MILWAUKEE – The Boston Celtics could be angry, based on their belief that Marcus Smart was uncoiling to shoot a 3-pointer with 4.6 seconds left and his team trailing 103-101 in Game 3 Saturday. (The NBA’s Last Two Minute Report released Sunday affirmed the original call, but from coach Ime Udoka on down, the Celtics still felt nah.)
The Celtics could be frustrated that Al Horford’s second tip to tie came just a hair after the final horn, allowing the Bucks to escape and take a 2-1 series lead.
What they need to be, though, is resolute that their failures in the third quarter have been faced, addressed and never will happen again.
That was the stretch when Boston lost the game. When the Celtics returned from halftime and turned their 50-46 lead into an 80-67 deficit. Milwaukee’s 34-17 scoring edge is the most lopsided of the 12 quarters played so far in the series.
How did it happen? With Boston’s unwitting or at least unintentional help.
Milwaukee scored more points on fast breaks in the third quarter than Boston scored, period. And the Bucks’ 18-0 edge in transition was fueled by their opponents’ mistakes and bad shots. The Celtics turned the ball over seven times in the third (compared to five the rest of the game), missed six of their seven 3-pointers and shot 6-for-20 overall.
Coughed-up balls, long rebounds and errant shots are lighter fluid when the other team wants to push the pace. It particularly undid Boston’s defensive plans against Giannis Antetokounmpo.
“We kind of aided them,” Udoka told reporters Sunday. “If we keep them in the halfcourt, we feel really good about our team defense and individual defense on him,. But we kind of opened the floodgates in that third quarter. Got ’em going. He becomes more aggressive in the halfcourt.”
There’s a trend developing to support Udoka’s explanation: Milwaukee had 28 fast-break points in Game 1 and 21 in Game 3, both victories. It had just six in the 109-86 Game 2 loss.
According to data pulled by The Athletic via Cleaning The Glass, the Bucks’ halfcourt efficiency has been an anemic 75.6 points per 100 possessions in each of their wins.
When Antetokounmpo has been successful in the halfcourt, he and the Bucks have matchup hunted in their pick-and-roll plays, using the Celtics’ switches against them. For instance, Jaylen Brown isolated on Antetokounmpo is something no Boston fan ever wants to see again.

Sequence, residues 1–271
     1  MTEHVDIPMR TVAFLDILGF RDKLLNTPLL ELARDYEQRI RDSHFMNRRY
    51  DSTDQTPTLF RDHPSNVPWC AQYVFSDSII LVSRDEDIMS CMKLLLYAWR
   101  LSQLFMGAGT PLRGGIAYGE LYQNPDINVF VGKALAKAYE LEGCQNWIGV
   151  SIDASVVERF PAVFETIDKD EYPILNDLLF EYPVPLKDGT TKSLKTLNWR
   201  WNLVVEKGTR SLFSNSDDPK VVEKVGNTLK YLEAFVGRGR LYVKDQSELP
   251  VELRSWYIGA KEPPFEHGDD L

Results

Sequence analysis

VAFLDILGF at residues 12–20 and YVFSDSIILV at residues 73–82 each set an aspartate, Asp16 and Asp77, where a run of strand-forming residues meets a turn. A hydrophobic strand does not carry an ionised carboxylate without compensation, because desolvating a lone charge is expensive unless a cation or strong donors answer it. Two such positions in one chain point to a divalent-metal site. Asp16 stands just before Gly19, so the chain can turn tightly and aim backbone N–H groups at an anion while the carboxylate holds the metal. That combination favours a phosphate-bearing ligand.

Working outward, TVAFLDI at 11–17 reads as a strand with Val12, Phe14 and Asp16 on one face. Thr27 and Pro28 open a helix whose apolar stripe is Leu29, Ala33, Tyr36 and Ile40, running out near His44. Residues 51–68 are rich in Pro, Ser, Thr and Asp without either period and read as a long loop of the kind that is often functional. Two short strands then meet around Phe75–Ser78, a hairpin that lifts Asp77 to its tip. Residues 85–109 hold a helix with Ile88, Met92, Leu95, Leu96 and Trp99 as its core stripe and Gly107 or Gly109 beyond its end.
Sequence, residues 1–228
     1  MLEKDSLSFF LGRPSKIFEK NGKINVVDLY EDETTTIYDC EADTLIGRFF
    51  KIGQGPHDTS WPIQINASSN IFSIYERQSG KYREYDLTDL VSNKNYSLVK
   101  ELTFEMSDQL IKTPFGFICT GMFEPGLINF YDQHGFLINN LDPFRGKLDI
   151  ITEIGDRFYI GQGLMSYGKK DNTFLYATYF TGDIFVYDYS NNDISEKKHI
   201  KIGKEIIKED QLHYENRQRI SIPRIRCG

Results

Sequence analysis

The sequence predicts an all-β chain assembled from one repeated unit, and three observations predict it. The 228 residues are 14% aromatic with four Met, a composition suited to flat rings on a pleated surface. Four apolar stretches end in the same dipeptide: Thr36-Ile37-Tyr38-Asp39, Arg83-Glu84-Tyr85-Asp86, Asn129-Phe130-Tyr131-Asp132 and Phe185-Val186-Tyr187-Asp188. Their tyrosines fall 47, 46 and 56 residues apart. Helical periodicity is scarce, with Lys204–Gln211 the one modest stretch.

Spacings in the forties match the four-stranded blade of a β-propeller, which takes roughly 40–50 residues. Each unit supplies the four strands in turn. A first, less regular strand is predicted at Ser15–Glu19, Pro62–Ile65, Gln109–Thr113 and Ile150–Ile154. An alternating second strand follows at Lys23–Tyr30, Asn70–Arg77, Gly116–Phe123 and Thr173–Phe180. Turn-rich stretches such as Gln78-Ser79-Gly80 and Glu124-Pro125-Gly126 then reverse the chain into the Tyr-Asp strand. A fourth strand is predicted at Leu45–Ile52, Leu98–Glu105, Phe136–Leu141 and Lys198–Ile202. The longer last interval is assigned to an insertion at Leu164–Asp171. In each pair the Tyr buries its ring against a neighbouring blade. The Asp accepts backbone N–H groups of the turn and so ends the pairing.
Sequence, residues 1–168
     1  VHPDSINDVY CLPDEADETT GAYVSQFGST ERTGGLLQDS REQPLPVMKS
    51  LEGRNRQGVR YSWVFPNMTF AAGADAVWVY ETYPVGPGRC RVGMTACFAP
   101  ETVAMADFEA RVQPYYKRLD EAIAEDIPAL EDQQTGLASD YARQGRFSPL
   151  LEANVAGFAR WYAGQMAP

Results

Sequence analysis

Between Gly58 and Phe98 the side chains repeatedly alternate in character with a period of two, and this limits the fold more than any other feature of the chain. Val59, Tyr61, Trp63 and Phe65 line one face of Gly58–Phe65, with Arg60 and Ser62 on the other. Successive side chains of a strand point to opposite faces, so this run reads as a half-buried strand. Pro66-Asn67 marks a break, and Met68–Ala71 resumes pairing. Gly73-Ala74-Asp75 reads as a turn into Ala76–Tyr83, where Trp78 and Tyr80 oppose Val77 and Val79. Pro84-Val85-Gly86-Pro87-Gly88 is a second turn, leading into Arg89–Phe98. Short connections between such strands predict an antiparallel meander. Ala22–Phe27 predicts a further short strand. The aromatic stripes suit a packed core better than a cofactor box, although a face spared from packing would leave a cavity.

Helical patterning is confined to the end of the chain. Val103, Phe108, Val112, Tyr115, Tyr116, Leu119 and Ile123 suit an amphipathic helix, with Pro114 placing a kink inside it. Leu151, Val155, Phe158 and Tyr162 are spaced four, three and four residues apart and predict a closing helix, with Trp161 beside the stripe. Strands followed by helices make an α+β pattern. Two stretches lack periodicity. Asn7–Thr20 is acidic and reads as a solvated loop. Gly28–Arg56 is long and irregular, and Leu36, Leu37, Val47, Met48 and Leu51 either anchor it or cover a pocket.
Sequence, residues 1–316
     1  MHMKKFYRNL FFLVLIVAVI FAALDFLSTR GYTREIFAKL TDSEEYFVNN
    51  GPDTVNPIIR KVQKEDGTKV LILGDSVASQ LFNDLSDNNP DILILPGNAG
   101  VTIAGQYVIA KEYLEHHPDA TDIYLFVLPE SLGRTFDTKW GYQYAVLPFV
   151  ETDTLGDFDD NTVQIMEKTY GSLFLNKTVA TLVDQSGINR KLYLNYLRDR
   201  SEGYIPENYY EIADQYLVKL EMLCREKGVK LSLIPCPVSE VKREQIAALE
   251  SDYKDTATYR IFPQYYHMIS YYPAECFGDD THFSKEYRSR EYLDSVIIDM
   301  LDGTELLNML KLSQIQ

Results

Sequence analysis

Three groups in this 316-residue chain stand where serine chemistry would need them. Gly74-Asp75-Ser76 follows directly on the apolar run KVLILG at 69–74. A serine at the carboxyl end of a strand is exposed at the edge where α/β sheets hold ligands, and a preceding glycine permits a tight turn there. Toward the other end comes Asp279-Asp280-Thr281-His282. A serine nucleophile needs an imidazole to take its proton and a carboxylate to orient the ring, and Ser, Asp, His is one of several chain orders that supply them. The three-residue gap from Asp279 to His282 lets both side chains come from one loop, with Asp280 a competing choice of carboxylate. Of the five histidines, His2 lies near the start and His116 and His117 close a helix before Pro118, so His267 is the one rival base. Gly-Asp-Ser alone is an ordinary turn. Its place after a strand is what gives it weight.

“At times everybody’s guarding him,” Udoka said of the Bucks’ star, who had 42 points on 16-of-30 shooting Saturday. “They’re targeting specific matchups. Our defense is based on our individual defenders.
“Understanding how he likes to score, we gambled at times and gave him open driving lanes. Keeping them off balance, giving him different matchups has worked well. And the main thing, honestly, is making them score in the halfcourt.”
Boston has other issues to address. While Smart is the NBA’s recently crowned Kia Defensive Player of the Year, his Milwaukee counterpart Jrue Holiday has continued to match him stop for stop. According to StatMuse, Holiday has locked down his playoff foes’ most potent scorers through eight games against the Bulls and Celtics.
Their field-goal percentages when guarded by Holiday: Zach LaVine (28.6%), Jayson Tatum (30%), DeMar DeRozan (38.1%) and Brown (38.5%). Overall, the players Holiday has guarded have shot 30.6%.
That makes up for his own 37.1% shooting. The strong point guard has been Milwaukee’s second-best scorer, filling injured Khris Middleton’s role, averaging 23 points on 23.3 field goal attempts.
The Celtics have made Holiday work at both ends, and that ratio of shots to points is fine with them. But it’s a reminder that this is the playoffs, where efficiency takes a back seat to physicality.
“He’s a physical guard that enjoys the contact,” Udoka said. “So smaller guys struggle with him. He doesn’t differentiate big wings, big men, and tries to go at everybody the same. That’s his game. He wants to feel your body. Kind of hit guys. He’s been that his whole career. We’ve got to be ready to embrace that.”
As for their own attack, there was nothing wrong in Game 3 with Brown scoring 27 points, Al Horford putting in 22 (four 3-pointers) and Derrick White adding 14 off the bench. Notice who’s missing though? Tatum, who shot a frosty 4-of-19, scoring 10 points while missing all six of his 3-pointers and getting only three free throws.
The lanky 24-year-old said he was “thinking too much” in Game 3, but to hear Udoka address it, Tatum was dribbling too deep into the Bucks’ defense and, especially late, passing up shots he normally would take.
A bounce-back game is more likely than not. Tatum was averaging 28.0 points through his first six playoff games this year, on the heels of 30.6 ppg and 25.7 ppg in the two previous postseasons.
“We understand how he’s being guarded by certain personnel on their team,” Udoka said. “They’re being extremely physical on the perimeter with him.
“It’s a team effort. We didn’t set screens great for him Game 3 as opposed to Game 2. Game 1 wasn’t great either. … But he also has to be patient to set his man up and use the screen. It’s a full team thing.”
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